Monday Morning Inspiration: First African American Woman in Space


“Never be limited by other people’s limited imaginations…If you adopt their attitudes, then the possibility won’t exist because you’ll have already shut it out … You can hear other people’s wisdom, but you’ve got to re-evaluate the world for yourself.”

                                                                                                         — Dr Mae Jemison

Dr. Mae Jemison  is an American Astronaut & Physician. She was born on October 17, 1956 in Decatur, AL. She obtained her BS  degree in Chemical Engineering from Stanford in 1977 and an M.D. from Cornell University in 1981. She served in the Peace Corps for 2 1/2 years and became the first African American selected to the NASA Astronaut Program in 1987.

She also became the first African American Women in Space when she orbited the Earth for  190 hrs, 30 minutes, and 23 seconds, with six other astronauts on STS-47 mission on September 12 1992.

After leaving NASA in 1993, she taught at Dartmouth College,  and  currently runs BioSentient Corp, a medical technology company. She continues to be a strong advocate for science eduction

March is Women History Month and Women of Aviation Month.

See Also:
Biography.com
NASA Astronaut Bio
Air and Space

Monday Morning Inspiration: First American Woman in Space


Sally Ride

Sally Ride's official astronaut portrait

Photo Courtesy: NASA

Sally Ride was born on May 26th, 1951 in Encino, CA. Older of two daughters, her interest in science grew at an early age. She went on to get a bachelor of science in Physics, a bachelor of arts in English, a master of science and a PhD in physics from Stanford University.

When NASA was looking for woman astronaut candidates in 1977, Sally Ride was one of the six women selected. She became the first American woman in space when she flew aboard Space Shuttle Challenger on June 18th, 1983.

She made two shuttle flights, and later became a champion for science education and a role model for generations. She wrote five science related children’s books and co-founded, Sally Ride Science, to encourage children, especially girls, to study science.

She died of cancer in 2012.

March is Women History Month & Women of Aviation Month.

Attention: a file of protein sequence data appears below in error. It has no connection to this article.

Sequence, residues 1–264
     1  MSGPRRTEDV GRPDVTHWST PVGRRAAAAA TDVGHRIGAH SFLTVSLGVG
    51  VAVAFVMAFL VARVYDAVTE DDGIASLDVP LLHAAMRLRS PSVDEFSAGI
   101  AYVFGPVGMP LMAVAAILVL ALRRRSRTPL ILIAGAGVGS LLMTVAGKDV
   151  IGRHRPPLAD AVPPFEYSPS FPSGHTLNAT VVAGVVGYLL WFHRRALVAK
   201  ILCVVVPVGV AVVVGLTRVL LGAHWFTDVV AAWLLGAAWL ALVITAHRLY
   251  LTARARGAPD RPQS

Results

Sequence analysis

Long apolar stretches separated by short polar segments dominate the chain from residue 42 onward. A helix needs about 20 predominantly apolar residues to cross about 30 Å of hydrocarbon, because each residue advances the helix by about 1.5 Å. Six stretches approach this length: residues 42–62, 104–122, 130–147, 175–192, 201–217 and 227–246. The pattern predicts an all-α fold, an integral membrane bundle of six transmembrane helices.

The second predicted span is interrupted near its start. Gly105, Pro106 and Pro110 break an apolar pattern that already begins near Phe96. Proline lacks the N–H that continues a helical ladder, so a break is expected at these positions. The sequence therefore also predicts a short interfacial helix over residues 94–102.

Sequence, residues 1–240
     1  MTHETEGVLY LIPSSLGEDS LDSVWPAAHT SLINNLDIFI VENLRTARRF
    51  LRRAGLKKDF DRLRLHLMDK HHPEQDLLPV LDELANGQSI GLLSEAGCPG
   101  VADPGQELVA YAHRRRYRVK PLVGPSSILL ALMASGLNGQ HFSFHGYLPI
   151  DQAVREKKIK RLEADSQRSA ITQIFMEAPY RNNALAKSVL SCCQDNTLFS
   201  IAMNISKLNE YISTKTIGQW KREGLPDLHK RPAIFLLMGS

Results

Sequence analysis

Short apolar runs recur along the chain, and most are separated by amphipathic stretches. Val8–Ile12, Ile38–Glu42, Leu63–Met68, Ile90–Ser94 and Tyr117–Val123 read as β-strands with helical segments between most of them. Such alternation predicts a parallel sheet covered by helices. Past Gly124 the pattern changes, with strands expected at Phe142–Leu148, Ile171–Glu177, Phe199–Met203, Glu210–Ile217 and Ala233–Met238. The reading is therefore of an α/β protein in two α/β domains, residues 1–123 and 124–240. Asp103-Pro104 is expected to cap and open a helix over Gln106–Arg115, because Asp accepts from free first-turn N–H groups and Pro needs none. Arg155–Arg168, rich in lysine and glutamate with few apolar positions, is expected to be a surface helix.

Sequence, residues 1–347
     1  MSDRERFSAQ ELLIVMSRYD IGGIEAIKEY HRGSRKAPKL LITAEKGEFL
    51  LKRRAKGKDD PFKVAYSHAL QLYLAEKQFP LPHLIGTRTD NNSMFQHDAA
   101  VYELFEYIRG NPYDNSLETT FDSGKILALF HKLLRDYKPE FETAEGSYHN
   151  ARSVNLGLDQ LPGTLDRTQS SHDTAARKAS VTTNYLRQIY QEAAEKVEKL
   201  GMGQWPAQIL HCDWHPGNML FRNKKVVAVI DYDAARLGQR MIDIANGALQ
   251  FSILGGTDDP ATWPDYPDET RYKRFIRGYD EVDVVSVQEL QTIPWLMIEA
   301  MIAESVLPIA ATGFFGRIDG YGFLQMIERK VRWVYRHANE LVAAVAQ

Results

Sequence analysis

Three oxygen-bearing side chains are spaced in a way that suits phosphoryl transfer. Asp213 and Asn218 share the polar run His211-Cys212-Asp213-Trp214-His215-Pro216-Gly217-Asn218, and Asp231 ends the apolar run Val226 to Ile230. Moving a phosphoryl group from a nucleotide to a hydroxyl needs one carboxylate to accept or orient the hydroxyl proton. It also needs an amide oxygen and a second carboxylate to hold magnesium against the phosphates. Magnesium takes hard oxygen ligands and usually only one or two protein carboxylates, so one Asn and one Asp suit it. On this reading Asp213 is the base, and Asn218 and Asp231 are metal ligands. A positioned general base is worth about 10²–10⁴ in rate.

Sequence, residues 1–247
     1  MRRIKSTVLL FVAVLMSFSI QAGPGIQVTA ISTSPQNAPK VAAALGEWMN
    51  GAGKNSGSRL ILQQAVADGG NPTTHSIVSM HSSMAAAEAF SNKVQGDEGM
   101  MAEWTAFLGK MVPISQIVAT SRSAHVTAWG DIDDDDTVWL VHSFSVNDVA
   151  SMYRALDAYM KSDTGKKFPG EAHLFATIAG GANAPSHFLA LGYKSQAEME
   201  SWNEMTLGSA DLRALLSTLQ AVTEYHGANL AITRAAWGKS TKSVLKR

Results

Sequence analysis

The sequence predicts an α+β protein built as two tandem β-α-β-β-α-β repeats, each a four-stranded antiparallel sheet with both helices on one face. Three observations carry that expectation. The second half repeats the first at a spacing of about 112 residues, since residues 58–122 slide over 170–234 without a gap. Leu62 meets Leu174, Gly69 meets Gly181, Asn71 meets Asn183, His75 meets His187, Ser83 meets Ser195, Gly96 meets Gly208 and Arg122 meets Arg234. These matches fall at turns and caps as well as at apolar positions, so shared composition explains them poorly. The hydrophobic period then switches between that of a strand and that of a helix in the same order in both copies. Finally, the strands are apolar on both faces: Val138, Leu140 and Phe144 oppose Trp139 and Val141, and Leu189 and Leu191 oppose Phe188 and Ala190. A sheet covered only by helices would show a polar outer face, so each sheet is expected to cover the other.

See Also:

NASA Bio
Sally Ride: First American Woman in Space

Monday Morning Inspiration #59


The Price
Whatever the freedom we own
Somebody has striven and tried for it;
By war through the years it has grown
By strength of the men who have died for it;
Each stone in the structure of truth–
Some one has made ready and right for it.
Some one has spent heart’s blood and youth,
Some one has been willing to fight for it.

                                                      Not always has blood been the pay
But always a price has been paid for it;
The worth of achievement to-day
Is gauged by the struggle we’ve made for it.
There need not be rancor or hate
Nor bitterness, terror and blight for it,
But nothing is worthy or great,
Unless you are willing to fight for it.

                                                     You cannot buy progress with gold
(You get but the emptiest shell of it);
But to win it and earn it and hold
You must go through the heat and the hell of it,
You must suffer the sweat and the pain,
You must toil all the day and the night for it,
For nothing worth while you can gain
Unless you are willing to fight for it.

                                                                                 –Berton Braley (Virtues in Verse)
Note: Berton Braley was born on January 29th, 136 years ago today in 1882.

Monday Morning Inspiration #56: Atlantis


When she opened her eyes, she saw sunlight, green leaves, and a man’s face.

She thought: I know what this is.

This was the world she had expected to see it at sixteen.– and now she had reached it– and it seemed so simple, so unastonishing, that the thing she felt was like a blessing pronounced upon the universe by means of three words:

But of course.

She was looking up at the face of a man who knelt by her side, and she knew that in all the years behind her, this was what she would have given her life to see: a face that bore no mark of pain or fear or guilt.

— Atlas Shrugged (Ayn Rand)

Monday Morning Inspiration: Come from Away


Wonderful Show!

Based on real events from Sept 11, 2001 when 38 airplanes were diverted to the small town of Gander, Newfoundland in Canada, Come From Away, is a heart warming Broadway Musical, that captures the generosity of the residents of Gander who welcomed 7,000 stranded passengers.

Beverly Bass, one of the pioneering pilots (the first female Captain at American Airlines), was the captain of one of the 38 airplanes that landed there that day and whose character is portrayed in the musical.

See Also:

Beverly Bass
Fort Worth native Beverly Bass made Aviation History